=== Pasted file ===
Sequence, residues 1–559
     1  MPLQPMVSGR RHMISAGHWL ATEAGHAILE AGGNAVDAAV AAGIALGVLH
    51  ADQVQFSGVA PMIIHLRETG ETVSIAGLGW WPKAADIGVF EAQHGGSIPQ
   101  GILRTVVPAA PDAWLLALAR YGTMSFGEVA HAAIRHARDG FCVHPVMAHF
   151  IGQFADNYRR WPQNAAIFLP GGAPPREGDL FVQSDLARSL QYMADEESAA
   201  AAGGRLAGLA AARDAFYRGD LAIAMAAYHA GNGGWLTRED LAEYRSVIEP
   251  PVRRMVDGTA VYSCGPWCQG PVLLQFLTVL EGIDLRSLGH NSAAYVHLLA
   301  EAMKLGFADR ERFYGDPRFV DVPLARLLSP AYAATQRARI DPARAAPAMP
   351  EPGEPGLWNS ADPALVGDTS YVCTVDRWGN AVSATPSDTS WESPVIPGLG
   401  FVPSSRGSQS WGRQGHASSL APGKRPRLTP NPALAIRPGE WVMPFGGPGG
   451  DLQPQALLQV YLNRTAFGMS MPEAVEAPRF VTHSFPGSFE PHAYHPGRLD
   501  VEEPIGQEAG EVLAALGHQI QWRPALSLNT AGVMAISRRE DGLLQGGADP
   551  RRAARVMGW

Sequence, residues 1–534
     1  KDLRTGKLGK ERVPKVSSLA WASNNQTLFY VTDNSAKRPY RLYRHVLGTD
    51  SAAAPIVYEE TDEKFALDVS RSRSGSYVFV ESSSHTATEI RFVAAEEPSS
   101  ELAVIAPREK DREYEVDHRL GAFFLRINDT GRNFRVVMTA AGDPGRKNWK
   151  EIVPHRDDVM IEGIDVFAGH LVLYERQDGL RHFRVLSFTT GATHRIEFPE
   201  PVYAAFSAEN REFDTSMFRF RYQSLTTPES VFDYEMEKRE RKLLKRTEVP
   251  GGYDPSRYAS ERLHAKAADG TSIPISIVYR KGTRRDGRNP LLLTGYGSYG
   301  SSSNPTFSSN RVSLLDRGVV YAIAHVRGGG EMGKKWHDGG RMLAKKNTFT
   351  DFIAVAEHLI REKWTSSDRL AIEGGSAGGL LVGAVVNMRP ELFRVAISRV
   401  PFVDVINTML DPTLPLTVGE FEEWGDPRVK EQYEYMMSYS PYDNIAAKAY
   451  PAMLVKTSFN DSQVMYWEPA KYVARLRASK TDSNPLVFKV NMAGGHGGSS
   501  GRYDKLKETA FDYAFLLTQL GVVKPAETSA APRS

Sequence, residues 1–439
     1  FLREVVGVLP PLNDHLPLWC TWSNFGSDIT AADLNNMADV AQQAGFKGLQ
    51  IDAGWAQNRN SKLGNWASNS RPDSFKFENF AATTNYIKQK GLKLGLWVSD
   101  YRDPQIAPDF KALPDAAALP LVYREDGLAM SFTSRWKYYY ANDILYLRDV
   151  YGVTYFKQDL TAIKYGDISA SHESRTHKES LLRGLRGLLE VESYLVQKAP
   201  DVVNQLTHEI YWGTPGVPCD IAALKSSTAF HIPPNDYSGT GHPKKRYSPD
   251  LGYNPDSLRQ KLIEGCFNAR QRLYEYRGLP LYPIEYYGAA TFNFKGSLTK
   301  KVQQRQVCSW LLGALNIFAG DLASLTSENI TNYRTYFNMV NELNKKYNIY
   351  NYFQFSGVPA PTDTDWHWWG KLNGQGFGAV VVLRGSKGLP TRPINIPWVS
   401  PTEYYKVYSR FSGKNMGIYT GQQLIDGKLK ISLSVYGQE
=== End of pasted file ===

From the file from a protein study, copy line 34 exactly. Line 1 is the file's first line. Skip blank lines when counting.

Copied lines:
   351  NYFQFSGVPA PTDTDWHWWG KLNGQGFGAV VVLRGSKGLP TRPINIPWVS